On 8 July 2014, pressure sensors on board the Tropical Rainfall Measuring Mission’s (TRMM) satellite were triggered indicating the on board fuel tank to be near the end of its fuel supply. The TRMM satellite was a joint mission between NASA and the Japan Aerospace Exploration Agency (JAXA) launched in 1997 making history carrying the world’s first precipitation radar payload into space with a planned 3 year mission to measure precipitation over the tropics.
17 years later TRMM has provided researchers with unprecedented high quality data sets taken combining radiometer measurements with 3 dimensional radar scans revisiting locations a different times of day aiding climatologists and meteorologists in understanding how rain evolved with day/night cycles. Data from TRMM has been applied in the hydrological modeling of floods, tacking and forecasting tropical cyclones, validating climate models, fire detection, and monitoring disease in flooded areas.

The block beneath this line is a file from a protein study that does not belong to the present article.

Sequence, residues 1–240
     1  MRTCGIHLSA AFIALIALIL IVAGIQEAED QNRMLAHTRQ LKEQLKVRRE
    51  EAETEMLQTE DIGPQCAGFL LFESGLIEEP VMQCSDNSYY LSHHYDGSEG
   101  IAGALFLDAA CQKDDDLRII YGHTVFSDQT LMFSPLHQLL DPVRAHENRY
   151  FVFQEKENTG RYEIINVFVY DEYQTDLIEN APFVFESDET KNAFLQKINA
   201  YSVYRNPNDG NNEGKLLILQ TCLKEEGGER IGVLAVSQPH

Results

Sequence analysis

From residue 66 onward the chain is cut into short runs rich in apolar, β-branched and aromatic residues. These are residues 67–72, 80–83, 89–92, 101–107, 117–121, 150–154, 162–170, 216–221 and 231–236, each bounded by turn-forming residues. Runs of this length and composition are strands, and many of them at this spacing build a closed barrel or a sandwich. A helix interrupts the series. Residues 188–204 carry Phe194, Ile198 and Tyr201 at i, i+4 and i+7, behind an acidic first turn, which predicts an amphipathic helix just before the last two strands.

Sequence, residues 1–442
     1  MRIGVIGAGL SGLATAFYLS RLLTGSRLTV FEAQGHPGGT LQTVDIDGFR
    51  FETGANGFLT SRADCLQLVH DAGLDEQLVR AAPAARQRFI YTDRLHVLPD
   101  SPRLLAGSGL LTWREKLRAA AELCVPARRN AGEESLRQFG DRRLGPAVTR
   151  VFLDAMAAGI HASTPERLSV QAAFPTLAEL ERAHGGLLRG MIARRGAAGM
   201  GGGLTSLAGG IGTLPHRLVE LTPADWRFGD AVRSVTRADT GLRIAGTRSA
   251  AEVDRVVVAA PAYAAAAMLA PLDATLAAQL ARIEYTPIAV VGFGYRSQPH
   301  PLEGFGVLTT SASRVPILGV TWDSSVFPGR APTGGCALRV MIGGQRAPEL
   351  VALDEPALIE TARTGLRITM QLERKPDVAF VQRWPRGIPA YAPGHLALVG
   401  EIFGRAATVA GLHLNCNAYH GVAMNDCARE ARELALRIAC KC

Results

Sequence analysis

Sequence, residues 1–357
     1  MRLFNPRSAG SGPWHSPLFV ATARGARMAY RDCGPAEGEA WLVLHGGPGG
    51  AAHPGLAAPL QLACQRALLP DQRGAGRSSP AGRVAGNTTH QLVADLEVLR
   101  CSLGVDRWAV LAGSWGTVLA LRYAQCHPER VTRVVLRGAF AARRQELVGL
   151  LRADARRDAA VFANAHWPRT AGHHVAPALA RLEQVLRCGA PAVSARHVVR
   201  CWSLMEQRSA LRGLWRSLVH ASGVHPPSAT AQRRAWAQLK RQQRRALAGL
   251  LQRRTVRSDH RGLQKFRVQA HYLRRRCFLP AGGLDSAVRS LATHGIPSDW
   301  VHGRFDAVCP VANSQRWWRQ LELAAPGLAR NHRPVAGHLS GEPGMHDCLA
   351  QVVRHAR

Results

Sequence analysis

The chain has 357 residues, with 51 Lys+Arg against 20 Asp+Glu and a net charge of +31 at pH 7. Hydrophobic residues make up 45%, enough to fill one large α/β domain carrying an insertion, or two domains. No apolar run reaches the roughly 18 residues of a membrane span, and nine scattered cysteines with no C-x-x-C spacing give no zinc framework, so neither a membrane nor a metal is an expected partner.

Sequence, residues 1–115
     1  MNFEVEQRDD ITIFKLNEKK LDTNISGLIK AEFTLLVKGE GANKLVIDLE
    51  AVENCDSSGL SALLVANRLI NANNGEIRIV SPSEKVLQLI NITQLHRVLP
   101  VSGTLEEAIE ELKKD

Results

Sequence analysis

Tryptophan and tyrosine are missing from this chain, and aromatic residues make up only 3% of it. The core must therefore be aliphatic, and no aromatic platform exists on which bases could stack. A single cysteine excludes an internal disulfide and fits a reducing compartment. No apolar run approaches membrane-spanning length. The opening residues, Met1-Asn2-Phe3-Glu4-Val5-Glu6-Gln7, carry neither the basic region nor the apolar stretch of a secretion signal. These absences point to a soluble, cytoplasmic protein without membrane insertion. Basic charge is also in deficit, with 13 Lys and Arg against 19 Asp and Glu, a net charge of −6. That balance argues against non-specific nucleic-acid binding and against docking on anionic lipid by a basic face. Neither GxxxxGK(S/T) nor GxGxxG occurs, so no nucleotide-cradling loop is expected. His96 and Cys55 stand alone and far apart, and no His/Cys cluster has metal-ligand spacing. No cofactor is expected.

"TRMM has met and exceeded its original goal of advancing our understanding of the distribution of tropical rainfall and its relation to the global water and energy cycles," said Scott Braun, the mission's project scientist at NASA's Goddard Space Flight Center in Greenbelt, Maryland.
TRMM will continue operation until the spacecraft descends to an altitude of 335 kilometers above the Earth and shuts down. This is estimated to take place in February 2016.